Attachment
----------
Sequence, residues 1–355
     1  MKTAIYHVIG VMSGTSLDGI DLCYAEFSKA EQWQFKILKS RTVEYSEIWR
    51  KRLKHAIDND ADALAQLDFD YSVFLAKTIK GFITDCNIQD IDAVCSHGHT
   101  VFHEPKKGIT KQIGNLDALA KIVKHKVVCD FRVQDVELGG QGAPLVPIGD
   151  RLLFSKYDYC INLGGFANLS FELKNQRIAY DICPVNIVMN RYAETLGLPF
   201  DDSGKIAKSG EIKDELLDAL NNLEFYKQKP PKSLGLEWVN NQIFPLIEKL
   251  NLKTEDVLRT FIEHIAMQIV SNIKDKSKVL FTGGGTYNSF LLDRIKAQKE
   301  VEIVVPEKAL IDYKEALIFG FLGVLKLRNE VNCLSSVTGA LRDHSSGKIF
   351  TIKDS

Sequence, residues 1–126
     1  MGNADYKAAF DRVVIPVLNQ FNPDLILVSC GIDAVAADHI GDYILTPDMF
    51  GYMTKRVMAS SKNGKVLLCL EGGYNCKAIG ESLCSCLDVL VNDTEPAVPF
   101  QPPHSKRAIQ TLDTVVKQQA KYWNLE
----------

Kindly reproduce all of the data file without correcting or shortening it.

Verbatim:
Sequence, residues 1–355
     1  MKTAIYHVIG VMSGTSLDGI DLCYAEFSKA EQWQFKILKS RTVEYSEIWR
    51  KRLKHAIDND ADALAQLDFD YSVFLAKTIK GFITDCNIQD IDAVCSHGHT
   101  VFHEPKKGIT KQIGNLDALA KIVKHKVVCD FRVQDVELGG QGAPLVPIGD
   151  RLLFSKYDYC INLGGFANLS FELKNQRIAY DICPVNIVMN RYAETLGLPF
   201  DDSGKIAKSG EIKDELLDAL NNLEFYKQKP PKSLGLEWVN NQIFPLIEKL
   251  NLKTEDVLRT FIEHIAMQIV SNIKDKSKVL FTGGGTYNSF LLDRIKAQKE
   301  VEIVVPEKAL IDYKEALIFG FLGVLKLRNE VNCLSSVTGA LRDHSSGKIF
   351  TIKDS

Sequence, residues 1–126
     1  MGNADYKAAF DRVVIPVLNQ FNPDLILVSC GIDAVAADHI GDYILTPDMF
    51  GYMTKRVMAS SKNGKVLLCL EGGYNCKAIG ESLCSCLDVL VNDTEPAVPF
   101  QPPHSKRAIQ TLDTVVKQQA KYWNLE